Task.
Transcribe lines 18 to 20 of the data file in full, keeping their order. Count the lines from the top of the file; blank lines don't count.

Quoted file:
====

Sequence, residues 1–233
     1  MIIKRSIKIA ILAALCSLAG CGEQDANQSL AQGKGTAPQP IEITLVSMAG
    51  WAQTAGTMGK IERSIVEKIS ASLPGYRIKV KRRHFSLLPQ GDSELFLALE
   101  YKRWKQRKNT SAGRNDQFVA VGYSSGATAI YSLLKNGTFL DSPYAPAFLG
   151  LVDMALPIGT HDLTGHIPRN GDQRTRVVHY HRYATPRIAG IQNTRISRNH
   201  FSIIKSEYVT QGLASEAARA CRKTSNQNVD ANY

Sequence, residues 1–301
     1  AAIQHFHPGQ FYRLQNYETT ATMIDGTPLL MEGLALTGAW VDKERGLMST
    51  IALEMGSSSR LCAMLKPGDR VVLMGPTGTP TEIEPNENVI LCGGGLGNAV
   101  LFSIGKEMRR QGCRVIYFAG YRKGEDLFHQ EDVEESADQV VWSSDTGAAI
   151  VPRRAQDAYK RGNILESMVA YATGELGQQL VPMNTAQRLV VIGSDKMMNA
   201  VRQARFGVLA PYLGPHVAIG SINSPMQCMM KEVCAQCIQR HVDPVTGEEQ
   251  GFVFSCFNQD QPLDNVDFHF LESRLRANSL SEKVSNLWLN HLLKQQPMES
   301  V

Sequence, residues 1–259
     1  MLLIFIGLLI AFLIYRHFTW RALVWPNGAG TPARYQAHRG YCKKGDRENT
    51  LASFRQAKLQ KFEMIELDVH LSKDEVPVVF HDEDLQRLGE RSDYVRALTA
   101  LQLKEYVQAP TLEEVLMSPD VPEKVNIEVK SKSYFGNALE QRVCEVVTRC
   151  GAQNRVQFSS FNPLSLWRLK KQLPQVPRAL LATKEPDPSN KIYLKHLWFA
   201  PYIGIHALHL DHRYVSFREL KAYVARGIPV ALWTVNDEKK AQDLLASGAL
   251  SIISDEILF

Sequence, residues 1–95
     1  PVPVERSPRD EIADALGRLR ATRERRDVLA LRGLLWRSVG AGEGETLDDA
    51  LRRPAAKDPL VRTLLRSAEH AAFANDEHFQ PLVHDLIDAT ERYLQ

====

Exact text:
   101  LQLKEYVQAP TLEEVLMSPD VPEKVNIEVK SKSYFGNALE QRVCEVVTRC
   151  GAQNRVQFSS FNPLSLWRLK KQLPQVPRAL LATKEPDPSN KIYLKHLWFA
   201  PYIGIHALHL DHRYVSFREL KAYVARGIPV ALWTVNDEKK AQDLLASGAL